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Found 35 results

  1. I visited the chocolate factory already more than four years ago. Inside it was partly very dark - much darker than it looks in the photos. The plaster had fallen from the ceiling; a gray damp mud lay on the floor and stuck stubbornly to the shoes. After the owner died, the factory was closed over 20 years ago. The widow of the manufacturer still lives in a dilapidated house next to the factory. In the past years, the condition has worsened a lot. Meanwhile, the roof of the former factory has almost completely collapsed. 1 2 3 4 5 6 7 8 9 10 11 12 13 14 15 16 17 18 19 20 21 22 23 24 25 26 27 28
  2. So, after discovering a thread I convinced my camera club that Loudon would be worth a wee visit. We set off this evening to explore and take some photos. Remarkably easy to get in, despite the big gate - it was just a matter of walking around the outside of the gate and then up to driveway to the castle. That's it really - you have complete access to the site. To be honest it appears to be far from abandoned - in fact it is very well looked after. The grass is mown and everything appears to be largely undamaged. Many of the rides have been taken down and removed but there was still a fair bit to see. Well worth a visit if you are in the area.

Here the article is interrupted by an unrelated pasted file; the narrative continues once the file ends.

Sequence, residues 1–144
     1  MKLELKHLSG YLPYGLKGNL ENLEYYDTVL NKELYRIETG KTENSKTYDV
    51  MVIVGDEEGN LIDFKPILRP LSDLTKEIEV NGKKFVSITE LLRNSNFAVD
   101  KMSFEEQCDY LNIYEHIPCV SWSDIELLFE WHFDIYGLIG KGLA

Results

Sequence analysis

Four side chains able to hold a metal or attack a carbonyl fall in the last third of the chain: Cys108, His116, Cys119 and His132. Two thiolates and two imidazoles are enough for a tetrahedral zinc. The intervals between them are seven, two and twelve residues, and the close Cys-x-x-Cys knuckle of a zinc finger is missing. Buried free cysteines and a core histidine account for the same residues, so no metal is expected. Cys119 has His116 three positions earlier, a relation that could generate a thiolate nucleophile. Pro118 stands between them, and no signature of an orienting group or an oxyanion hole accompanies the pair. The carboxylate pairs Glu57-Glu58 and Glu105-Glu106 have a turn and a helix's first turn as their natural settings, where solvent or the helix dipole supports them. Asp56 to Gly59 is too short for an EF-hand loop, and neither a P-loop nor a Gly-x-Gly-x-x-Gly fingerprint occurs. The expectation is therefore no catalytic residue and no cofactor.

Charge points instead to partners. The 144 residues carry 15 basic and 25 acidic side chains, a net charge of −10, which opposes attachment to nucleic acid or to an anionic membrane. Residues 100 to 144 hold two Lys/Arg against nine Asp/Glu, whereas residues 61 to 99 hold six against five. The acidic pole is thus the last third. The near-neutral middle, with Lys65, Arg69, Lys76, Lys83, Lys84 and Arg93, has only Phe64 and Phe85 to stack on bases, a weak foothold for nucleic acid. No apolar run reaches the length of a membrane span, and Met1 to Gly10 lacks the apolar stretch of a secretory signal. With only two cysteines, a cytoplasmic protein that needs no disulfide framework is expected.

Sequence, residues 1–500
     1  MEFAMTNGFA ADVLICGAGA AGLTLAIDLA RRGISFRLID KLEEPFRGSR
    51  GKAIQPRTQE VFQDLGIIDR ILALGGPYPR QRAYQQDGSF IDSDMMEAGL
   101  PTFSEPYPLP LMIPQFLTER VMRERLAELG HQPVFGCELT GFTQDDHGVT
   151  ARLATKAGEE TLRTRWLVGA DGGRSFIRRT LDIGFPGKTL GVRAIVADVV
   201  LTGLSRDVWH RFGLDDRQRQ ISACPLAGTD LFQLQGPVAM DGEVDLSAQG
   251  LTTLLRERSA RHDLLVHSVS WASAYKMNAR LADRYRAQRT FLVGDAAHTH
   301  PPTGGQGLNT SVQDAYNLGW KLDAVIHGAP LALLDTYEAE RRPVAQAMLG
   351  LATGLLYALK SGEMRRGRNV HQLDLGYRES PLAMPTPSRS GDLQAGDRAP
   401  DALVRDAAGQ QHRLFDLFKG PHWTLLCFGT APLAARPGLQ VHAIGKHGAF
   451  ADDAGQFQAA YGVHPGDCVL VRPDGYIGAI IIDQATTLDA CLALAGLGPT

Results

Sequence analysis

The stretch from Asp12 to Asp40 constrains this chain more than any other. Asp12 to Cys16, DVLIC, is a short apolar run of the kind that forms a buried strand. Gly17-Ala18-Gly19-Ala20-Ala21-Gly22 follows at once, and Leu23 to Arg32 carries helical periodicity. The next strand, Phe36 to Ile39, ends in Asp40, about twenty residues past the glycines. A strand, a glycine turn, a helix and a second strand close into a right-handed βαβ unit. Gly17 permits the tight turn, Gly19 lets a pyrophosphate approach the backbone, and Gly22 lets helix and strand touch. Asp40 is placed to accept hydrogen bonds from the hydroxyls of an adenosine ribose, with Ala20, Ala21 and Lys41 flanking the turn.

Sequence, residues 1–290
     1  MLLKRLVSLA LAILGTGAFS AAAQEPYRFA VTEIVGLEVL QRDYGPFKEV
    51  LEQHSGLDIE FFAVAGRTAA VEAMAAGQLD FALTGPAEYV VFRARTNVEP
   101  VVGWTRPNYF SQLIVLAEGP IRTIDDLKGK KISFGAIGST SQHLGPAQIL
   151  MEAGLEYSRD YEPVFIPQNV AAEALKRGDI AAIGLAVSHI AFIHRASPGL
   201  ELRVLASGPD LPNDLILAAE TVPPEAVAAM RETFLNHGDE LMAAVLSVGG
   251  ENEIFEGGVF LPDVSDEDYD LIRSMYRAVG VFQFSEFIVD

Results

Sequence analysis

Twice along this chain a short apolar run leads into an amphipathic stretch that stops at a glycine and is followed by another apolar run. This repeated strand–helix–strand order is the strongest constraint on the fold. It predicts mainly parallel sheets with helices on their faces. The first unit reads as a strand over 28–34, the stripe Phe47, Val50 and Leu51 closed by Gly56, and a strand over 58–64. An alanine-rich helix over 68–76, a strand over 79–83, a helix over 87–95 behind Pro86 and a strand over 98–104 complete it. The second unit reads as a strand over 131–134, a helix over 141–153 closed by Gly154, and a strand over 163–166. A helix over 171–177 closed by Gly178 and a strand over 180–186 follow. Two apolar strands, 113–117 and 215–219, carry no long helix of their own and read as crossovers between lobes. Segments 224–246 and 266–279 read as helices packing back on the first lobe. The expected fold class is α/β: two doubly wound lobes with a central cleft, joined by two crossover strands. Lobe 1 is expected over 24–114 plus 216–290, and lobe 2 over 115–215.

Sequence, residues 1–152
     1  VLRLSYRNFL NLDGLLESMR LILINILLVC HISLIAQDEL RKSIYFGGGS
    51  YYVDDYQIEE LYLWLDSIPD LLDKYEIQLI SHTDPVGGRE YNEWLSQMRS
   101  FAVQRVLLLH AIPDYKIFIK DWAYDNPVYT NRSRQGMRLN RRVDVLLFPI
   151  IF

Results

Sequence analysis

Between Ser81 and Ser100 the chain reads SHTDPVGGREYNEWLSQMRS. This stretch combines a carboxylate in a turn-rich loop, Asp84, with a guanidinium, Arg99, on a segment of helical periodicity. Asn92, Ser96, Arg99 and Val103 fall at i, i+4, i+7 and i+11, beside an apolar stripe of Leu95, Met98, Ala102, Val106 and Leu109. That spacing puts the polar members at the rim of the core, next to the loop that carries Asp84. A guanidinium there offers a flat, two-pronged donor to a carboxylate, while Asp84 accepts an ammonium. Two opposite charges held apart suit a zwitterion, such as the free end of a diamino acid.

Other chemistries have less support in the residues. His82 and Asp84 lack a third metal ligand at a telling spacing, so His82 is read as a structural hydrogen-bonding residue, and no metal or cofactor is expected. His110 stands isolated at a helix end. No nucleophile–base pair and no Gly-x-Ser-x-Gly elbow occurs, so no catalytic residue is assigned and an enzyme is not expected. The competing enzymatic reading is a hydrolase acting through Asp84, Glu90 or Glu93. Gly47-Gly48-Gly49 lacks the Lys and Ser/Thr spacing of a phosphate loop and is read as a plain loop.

3. 2013 Showreel urbex

    Enjoy !
  4. Pyestock 2 Visits early 2013

    RIP :jump
  5. Lier Mental Hospital, Norway Built 1921, 5 buildings closed 1985 the Interior was removed 2010. Demolition started Autumn 2013 and the Photos from july 2013, from just one of the buildings. The Hospital area still has several buildings in full use. r I think I finally got it now. You can see the photos, right? Hope you like them
  6. Hello, I have had this on my list for a long time and after a few messages we arranged a meet. Access was piss easy and we didn't see anyone or security. got lost loads of times inside and found the famous white room show flat but couldn't find access to the other control room. A revisit is on the cards i think. On our exit we found our original entry point had been sealed! Must be a magician Secca! Battersea Power Station is a decommissioned coal-fired power station located on the south bank of the River Thames. The station ceased generating electricity in 1983, but over the past 50 years it has become one of the best known landmarks in London. On 7 June 2012 it was sold to SP Setia and Sime Darby. In January 2013 the first residential apartments went on sale. Construction on Phase 1 is due to commence in 2013, with completion due in 2016/17.